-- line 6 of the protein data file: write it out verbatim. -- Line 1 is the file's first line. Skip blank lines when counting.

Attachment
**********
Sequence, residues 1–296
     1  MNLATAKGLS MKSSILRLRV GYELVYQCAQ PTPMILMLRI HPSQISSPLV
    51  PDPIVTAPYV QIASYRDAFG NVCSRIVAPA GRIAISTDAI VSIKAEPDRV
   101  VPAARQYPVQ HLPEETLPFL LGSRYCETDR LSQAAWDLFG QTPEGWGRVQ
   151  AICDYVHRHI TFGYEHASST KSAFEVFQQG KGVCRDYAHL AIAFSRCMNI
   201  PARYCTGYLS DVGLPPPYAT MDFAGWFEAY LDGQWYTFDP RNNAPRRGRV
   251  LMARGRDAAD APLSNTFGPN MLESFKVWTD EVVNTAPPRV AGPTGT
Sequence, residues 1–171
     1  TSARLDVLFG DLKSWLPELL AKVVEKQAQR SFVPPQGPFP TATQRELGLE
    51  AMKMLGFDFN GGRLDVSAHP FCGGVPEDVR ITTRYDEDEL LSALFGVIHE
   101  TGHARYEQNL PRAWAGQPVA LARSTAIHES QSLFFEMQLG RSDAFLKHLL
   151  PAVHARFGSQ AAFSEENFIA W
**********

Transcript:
   201  PARYCTGYLS DVGLPPPYAT MDFAGWFEAY LDGQWYTFDP RNNAPRRGRV